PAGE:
Somewhere in that range is mobile-phone-based data transmission, but there are a few problems with it, like limited data rate and the possibility that the carrier you’re using might be out of available channels just when you need them (ever seen the effect of a tornado on a cell tower?). That’s where WAAV’s AirBox X2 cellular router comes in.

The X2 part means it can use two different carriers at once. If one’s tower’s down, maybe the other’s ain’t. It also means you get to increase the data rate. As a bonus, you can use its GPS to figure out which van is closest to a story. And try using satellite or a microwave mast while you’re chasing a twister. The revolution will be televised.


Propellers make revolutions; they also make noise, as anyone who’s ever used fan-cooled color changers on lights knows. Geez, methinks color changers can be the noisiest things in a studio, which might not have been so bad in the era of the ten-cent speaker in an analog TV but it ain’t going to cut it with digital 5.1 surround sound.

Up to now, you’ve had a choice: live with the noise from the color-changer fans, go for different lighting instruments for different colors, skip the color changes, or turn off the fans and hope for the best. The first is noisy, the second expensive, the third boring, and the fourth keeps fire departments at full employment. But now there’s the Ocean Optics SeaChanger.

It uses dichroic filter wheels to produce more colors than most video screens can display. They don’t much care about heat or humidity, and they let through more light to boot (in-band transmission greater than 98 percent). Needless to say, the colors are selected by the filter wheels’ revolutions.


About color, think about this: You already know about closed captioning for the hearing impaired. And maybe you also know about audio description services for the visually impaired. But what about the color blind?

If they can’t see color at all, they could try “subjective” Benham color, but methinks the flickering would drive them nuts in a single sitcom, and it’s no guarantee of perceiving hues anyway. But what about the much larger group that can see color but not perfectly?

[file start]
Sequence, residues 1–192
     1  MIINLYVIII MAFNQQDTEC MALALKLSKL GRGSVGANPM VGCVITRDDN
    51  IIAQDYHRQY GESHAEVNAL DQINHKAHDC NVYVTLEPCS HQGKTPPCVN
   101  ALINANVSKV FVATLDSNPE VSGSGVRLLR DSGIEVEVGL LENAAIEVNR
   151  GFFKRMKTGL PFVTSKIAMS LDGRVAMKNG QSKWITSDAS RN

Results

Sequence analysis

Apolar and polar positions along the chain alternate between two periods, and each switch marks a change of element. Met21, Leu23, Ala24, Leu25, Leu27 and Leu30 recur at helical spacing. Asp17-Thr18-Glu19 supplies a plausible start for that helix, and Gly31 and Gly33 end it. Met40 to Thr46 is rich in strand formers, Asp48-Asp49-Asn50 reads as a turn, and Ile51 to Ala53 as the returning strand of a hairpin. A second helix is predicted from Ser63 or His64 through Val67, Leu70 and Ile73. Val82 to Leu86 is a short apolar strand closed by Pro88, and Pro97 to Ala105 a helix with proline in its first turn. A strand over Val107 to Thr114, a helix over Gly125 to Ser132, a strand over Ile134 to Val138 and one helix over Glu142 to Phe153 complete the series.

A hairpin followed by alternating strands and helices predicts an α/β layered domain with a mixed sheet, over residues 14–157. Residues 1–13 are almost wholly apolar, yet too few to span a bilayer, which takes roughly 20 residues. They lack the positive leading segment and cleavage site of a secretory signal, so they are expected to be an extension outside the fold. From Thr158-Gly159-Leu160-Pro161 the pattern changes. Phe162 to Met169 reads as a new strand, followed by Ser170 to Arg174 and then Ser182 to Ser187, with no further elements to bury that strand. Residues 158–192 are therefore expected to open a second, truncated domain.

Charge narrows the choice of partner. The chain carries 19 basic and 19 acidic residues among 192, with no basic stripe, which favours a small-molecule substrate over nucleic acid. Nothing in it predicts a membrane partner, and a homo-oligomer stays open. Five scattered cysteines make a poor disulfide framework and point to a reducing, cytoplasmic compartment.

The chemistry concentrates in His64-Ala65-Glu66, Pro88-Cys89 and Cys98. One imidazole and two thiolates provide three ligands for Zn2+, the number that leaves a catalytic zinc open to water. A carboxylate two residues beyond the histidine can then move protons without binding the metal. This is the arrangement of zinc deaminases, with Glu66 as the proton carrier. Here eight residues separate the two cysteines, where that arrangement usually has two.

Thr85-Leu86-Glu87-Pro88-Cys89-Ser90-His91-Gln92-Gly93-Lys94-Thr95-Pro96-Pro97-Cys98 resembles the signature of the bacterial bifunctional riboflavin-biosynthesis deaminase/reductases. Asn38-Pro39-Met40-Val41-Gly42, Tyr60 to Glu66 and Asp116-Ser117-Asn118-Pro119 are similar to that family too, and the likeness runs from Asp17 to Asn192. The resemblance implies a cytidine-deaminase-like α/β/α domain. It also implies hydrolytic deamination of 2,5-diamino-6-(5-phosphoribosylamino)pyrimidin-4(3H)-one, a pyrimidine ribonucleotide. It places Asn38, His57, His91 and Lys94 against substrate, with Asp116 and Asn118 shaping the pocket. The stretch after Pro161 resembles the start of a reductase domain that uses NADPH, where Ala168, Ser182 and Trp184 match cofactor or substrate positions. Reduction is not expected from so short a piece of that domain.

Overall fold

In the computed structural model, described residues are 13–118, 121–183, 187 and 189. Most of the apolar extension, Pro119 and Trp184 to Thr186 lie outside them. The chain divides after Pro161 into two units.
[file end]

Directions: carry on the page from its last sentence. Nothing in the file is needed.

Curon’s CVD (color vision deficiency) system tests viewers to determine their impairments and then adjusts display colors to create images that look the way they were intended to be seen. Samsung has already added it to some TVs. Yeah, this works only for TVs serving individual viewers (or groups with identical color-vision impairments), but it’s a good idea anyhow. Next time you run something on the Russian revolution, maybe everyone will be able to see the reds.


Last year I wrote about “the vapors of the Red tent.” Red Digital Cinema had little more than an idea for a camera, but was selling it (and collecting money) all the same. By the big Las Vegas show this year they still hadn’t delivered a single product, but they had a lot more than vapors to show off.

Peter “King Kong” “Lord of the Rings” Jackson, according to Red personnel, asked to shoot a two-day “camera test” in New Zealand two-and-a-half weeks before NAB, so they brought their two prototype cameras, Boris & Natasha. Then they discovered that a Peter Jackson “camera test” is not like other camera tests.

What was shown in their booth this year, with a 4K projector filling a theatrical screen, was an entire World War I movie, complete with aerial dogfight, firing tank, explosions, etc. The pictures could use a little refinement, but they were stunning nonetheless, and delivery is clearly now in sight. Maybe their $17,500 will be a wee mite higher for a complete working package, but it’s still a revolutionary price for a 4K camera with a 35-mm-sized imager.